That is my reality.  I am hardly kidding myself.  But since I have had so much success with my writing, my hope is that it will pull me out of this mess.  In fact I know it will, I am just not sure exactly how it is going to work out.  And to the person who has nothing better to do with his life than to troll the internet and make direct personal attacks against me…well…I don’t even think I need to comment…it is fairly pathetic, especially when the person remains anonymous.  We all have enemies, but I usually just try to avoid mine.

So given all of that I should have been down…and a few years ago I would have sunk into a depressed state…and I did have a couple of bad days.  But since I discovered Cognitive Behavioral Therapy (CBT) I decided I wasn’t going down that road.  I told myself that all of this was a sign from the universe that something completely positive was about to happen. I just keep focusing on the positive, and then the strangest thing happened.

I check my blog every single day, just to see how it is doing and at around 9 am, it showed that I had already had about 200 readers. For my blog those are crazy numbers so I went to investigate where it was coming from.  Someone on the Straight Spouse Network had decided to post one of my older articles, On Being a Straight Spouse – Broken Memories and it was exploding.  As the day went on more and more people were reading it, and the positive comments started pouring in.  As I read through them I started to cry, because they were all so heart-felt and it proved to me that there is a purpose to this blog and to my life.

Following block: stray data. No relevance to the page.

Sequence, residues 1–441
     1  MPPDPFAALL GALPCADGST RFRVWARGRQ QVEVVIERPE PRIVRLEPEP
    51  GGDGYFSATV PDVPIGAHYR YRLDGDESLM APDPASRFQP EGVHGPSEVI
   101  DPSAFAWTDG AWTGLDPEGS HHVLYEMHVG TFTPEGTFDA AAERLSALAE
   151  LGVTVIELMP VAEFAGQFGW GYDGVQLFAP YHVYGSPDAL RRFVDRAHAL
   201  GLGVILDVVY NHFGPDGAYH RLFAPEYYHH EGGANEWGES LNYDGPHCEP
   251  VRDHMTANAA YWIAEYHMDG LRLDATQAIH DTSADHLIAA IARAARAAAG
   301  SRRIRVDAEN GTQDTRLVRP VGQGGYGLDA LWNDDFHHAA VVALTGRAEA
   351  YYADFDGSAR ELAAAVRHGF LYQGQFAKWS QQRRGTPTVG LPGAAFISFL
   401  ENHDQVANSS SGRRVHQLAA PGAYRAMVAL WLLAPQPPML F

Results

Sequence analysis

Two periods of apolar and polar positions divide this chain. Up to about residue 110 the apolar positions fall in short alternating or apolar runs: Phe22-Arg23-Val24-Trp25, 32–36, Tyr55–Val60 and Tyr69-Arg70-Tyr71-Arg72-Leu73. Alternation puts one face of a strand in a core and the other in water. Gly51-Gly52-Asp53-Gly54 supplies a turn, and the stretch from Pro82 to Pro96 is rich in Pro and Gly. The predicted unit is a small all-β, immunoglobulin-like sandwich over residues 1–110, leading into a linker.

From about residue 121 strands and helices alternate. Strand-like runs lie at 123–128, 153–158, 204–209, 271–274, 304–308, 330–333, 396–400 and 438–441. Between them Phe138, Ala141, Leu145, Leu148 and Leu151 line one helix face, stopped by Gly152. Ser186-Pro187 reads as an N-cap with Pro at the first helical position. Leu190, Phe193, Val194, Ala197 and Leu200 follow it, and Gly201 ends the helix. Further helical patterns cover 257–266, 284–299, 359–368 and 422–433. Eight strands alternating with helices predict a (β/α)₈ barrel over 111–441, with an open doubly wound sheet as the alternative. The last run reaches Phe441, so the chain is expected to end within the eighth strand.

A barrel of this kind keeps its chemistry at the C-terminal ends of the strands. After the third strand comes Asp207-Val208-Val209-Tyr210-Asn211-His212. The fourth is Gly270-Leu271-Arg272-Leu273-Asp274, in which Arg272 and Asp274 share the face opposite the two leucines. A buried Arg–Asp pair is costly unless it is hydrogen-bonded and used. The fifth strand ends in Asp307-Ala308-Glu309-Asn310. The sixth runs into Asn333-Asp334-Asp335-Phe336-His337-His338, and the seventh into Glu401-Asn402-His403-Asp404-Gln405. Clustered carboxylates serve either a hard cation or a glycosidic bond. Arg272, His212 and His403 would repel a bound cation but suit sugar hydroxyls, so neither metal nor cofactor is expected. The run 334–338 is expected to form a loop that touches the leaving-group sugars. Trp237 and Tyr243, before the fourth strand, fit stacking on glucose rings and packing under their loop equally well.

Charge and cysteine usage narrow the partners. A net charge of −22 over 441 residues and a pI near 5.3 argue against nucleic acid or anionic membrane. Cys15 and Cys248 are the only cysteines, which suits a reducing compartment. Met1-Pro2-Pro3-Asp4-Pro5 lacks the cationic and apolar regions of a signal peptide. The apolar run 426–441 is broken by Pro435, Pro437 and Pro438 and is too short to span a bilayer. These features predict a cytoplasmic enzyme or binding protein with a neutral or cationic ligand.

Meanwhile I posted another article to the Huffington Post, I didn’t think it would get picked up as the Chick-Fil-A story is a few days old but to my amazement they printed it and it is doing extremely well.  So on top of the glowing comments I got on my old blog piece, I was getting a ton of crazy twitter and facebook attacks on my “Chick-Fil-A Do you really want to run your company on Biblical Values?” article.  And I have long since gotten used to attacks from strangers, I don’t even remotely sweat it, but it did make my day quite interesting to say the least.  When the dust settled I had a total of 806 readers on this blog for the entire day, my second highest day to date.  And it still isn’t completely over as I already have over 200 for today and it is still climbing.

The negative energy was somehow turned positive and everything lined up to remind me that there is a point to what I am doing here.  Even though I have performed since I was 11 years old, at no time in my performance career have I gotten this type of feedback.  The universe is telling me something…still not sure how I am going to steer my life back on a better path but I am headed in the right direction.  Thank you.  I am truly humbled by the wonderful comments I get, and to any straight spouse reading this blog…HANG IN THEREYOU ARE NOT ALONE!  Much love.

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Growing up with Depression